But the dreams kept coming. And nothing he did stopped them. They weren’t always exactly the same, not always Dracula, not always closets, but his nightmares became a force to be reckoned with. It was around that time that his grades started to slip as well.

“I don’t know what happened, Wade,” his advisor told him. “You did so well here these past two years, now all of a sudden you’re failing every class.”

Wade couldn’t explain it either. It wasn’t just the nightmares, though both the grades and the nightmares fed into one another, an unholy cocktail of stress dreams and days where he felt like he was sleepwalking through every class. He hit an assignment in his astrophysics class that stumped him, and he hadn’t turned it in, and it was all downhill from there. Why bother? He hadn’t been doing particularly well in that class anyhow. His professor was the most no-nonsense professor in the physics department, and nothing he did ever seemed good enough for her, and so eventually, he stopped trying.

And before he knew it, he was repeating senior year. Twice. He’d just barely made it through his junior year, after all. And then Theo was graduating and North Carolina got hit with an uncharacteristically terrible snowstorm that year—everyone snowed in. The heat broke in his apartment and he just couldn’t get his landlord to get someone out to fix it and he knew—knew he was going to drop out. A disappointment to his mom and dad, same as always.

The night after Theo left, Wade had another Dracula nightmare. Dracula came out of the closet and crept over to where Wade lay, ignoring the chair barring the closet door and the garlic under Wade’s pillow. But this time Wade didn’t wake up before he reached him. He just lay there, stock still, as Dracula kissed him so sweetly. A real kiss, too, not what Bram Stoker called a “kiss”, not a bite. Dracula pressed his lips to the corner of Wade’s mouth, almost his cheek, and then he was gone, faded into mist.

Wade was about to drop out when he met Dr. Mark. It was at some—some job internship fair thingy the school was hosting, and Dr. Mark Forsyth was there representing a pharmaceutical company in Research Triangle Park—Smith-Cline Pharmaceuticals.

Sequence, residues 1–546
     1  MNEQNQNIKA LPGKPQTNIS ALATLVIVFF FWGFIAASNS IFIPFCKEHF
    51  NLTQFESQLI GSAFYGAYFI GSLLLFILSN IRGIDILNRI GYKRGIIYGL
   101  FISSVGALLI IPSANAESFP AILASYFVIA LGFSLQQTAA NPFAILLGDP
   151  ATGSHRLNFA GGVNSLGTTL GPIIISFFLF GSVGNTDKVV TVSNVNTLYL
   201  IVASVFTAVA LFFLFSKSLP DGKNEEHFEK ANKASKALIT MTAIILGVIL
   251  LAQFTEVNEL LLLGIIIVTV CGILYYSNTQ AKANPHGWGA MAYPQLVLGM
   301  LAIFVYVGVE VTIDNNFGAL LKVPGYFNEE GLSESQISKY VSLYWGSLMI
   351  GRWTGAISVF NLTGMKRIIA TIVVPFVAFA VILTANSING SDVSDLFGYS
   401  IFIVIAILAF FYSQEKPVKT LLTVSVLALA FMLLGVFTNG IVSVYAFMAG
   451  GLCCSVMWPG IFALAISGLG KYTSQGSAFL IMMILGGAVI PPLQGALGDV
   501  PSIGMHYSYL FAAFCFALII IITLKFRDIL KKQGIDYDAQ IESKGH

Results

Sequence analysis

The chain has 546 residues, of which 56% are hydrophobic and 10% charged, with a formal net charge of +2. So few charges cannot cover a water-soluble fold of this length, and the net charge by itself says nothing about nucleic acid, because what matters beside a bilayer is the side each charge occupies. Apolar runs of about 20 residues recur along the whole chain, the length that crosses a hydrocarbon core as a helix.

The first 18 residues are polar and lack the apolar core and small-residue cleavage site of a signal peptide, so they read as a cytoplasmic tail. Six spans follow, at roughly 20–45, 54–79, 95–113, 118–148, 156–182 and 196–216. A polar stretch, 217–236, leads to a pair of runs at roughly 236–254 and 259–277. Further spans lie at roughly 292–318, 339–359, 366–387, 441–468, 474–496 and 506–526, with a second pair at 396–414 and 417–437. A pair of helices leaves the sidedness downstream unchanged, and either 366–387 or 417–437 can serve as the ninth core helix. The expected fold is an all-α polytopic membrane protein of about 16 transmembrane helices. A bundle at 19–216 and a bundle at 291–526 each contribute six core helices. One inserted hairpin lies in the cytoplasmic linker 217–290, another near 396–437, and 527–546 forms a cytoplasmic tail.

“My grades aren’t very good,” Wade admitted after speaking with Dr. Mark for a little while. “I think I’m dropping out after this semester.”

“Why would you do that?” Dr. Mark asked quizzically. “It honestly seems like you might be a good fit for our organization.”


“Really. Sure, other companies might only care about things like grades and work experience, but at SCP we try to look past what we see on paper. After all, there are certain things no amount of work or school can really prepare you for. But you should get your Bachelor’s. I think you can make it. And if you do, there’s something out here waiting for you.”

It was kind of an odd thing for a pharmaceuticals rep to say, but Wade found himself nodding. If he could get his degree, and if what Dr. Mark said was true…well, graduating with a steady job lined up sounded better than dropping out with no prospects at all.

Of course, nothing could’ve prepared him for the Foundation, as Dr. Mark had said. But it had to be better than the alternative.

Didn’t it?

That evening he went home. He made chicken soup and called his mom. He’d been studying up on how to go about writing SCP entries, but he didn’t quite have the clinical tone down yet. He’d been okay at lab reports in university but these weren’t exactly lab reports. The format was all wrong. He wasn’t documenting any data, no introduction, no conclusions, no hypothesis. It seemed that so much of the Foundation eschewed the scientific method that it was really no wonder that they were willing to hire a kid who’d barely made it through undergrad.

“Hi sweetie,” his mom said as she picked up the phone.

“Hi Ma.”

“How was work?”

“I’m trying to get the swing of things. It’s very strange here. I’m not used to it yet.”

“I understand. My first real job was pretty hectic too.”

Wade almost laughed. How different could teaching high school English be from working to contain deadly anomalies straight out of science fiction novels?

“You know, maybe the next time you visit, we could see that new Dracula movie.”

“Maybe,” Wade replied, trying not to sound too skeptical. He didn’t really know when he’d be able to visit next, and it was best not to plan for something that may not happen. Besides, he wasn’t too excited about the movie anyway. Unfortunately, in spite of the famous director and pretty solid cast, it wasn’t getting the best reviews. He’d read one that expressed the reviewer’s confusion at casting Mina Harker as Dracula’s reincarnated love, and Wade had to agree. Dracula didn’t have a love, reincarnated or not.